The Heroic, Visionary Role of the Poet
In Shelley’s poetry, the figure of the poet (and, to some extent, the figure of Shelley himself) is not simply a talented entertainer or even a perceptive moralist but a grand, tragic, prophetic hero. The poet has a deep, mystic appreciation for nature, as in the poem “To Wordsworth” (
The Power of Nature
Like many of the romantic poets, especially William Wordsworth, Shelley demonstrates a great reverence for the beauty of nature, and he feels closely connected to nature’s power. In his early poetry, Shelley shares the romantic interest in pantheism—the belief that God, or a divine, unifying spirit, runs through everything in the universe. He refers to this unifying natural force in many poems, describing it as the “spirit of beauty” in “Hymn to Intellectual Beauty” and identifying it with Mont Blanc and the Arve River in “Mont Blanc.” This force is the cause of all human joy, faith, goodness, and pleasure, and it is also the source of poetic inspiration and divine truth. Shelley asserts several times that this force can influence people to change the world for the better. However, Shelley simultaneously recognizes that nature’s power is not wholly positive. Nature destroys as often as it inspires or creates, and it destroys cruelly and indiscriminately. For this reason, Shelley’s delight in nature is mitigated by an awareness of its dark side.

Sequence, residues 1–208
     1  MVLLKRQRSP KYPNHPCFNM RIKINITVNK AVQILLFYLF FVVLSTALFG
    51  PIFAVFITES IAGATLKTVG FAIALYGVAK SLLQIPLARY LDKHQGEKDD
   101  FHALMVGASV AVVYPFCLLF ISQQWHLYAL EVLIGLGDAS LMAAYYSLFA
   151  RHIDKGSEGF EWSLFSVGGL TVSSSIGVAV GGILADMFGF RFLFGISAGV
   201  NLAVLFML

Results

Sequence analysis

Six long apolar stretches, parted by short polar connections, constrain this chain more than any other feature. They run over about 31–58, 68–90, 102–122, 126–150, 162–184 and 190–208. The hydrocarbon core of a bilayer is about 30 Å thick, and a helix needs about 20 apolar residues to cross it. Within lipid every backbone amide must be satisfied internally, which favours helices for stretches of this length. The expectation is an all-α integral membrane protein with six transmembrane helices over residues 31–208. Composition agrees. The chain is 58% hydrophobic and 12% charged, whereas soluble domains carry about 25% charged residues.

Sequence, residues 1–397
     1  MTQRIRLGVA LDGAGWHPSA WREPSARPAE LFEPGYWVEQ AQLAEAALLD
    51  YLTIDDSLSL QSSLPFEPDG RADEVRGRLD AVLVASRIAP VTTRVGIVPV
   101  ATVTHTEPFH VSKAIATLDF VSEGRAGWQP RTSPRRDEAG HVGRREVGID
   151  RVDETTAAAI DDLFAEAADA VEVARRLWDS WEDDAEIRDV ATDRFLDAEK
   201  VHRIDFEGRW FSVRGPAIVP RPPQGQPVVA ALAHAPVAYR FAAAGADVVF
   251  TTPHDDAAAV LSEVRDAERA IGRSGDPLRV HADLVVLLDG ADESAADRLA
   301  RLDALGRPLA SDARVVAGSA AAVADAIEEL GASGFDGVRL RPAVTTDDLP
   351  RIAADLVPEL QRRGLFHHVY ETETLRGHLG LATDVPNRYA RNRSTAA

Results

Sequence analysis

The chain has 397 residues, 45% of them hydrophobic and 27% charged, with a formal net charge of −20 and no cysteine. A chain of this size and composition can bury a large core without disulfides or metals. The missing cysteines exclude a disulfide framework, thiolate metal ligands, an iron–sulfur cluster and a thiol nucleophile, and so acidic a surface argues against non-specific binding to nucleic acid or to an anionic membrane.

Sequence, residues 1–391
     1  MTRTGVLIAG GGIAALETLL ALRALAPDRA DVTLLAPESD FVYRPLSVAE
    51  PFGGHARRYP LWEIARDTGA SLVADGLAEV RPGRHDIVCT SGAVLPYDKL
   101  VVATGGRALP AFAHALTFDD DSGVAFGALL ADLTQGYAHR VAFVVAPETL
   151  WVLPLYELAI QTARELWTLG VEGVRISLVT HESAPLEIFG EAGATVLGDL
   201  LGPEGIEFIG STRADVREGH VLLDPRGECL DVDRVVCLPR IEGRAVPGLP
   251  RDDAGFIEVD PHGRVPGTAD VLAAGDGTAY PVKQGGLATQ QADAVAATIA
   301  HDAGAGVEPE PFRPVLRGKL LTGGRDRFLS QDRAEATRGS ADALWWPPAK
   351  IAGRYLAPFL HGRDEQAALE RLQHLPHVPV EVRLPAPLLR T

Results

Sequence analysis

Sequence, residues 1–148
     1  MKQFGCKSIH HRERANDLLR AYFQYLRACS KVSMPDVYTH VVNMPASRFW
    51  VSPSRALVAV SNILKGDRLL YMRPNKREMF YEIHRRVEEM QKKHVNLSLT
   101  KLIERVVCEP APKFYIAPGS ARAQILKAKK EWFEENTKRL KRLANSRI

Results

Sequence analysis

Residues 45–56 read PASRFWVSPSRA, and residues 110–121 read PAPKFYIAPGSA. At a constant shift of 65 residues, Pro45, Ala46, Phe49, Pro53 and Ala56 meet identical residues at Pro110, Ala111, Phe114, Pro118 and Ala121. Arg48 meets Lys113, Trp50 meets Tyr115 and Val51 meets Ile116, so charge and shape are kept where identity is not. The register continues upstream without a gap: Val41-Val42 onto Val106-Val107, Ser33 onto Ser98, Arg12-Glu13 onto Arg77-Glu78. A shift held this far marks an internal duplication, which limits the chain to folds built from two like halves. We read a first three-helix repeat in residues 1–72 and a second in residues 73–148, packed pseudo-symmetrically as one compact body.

The Power of the Human Mind
Shelley uses nature as his primary source of poetic inspiration. In such poems as “The Mask of Anarchy Written on the Occasion of the Massacre at Manchester” (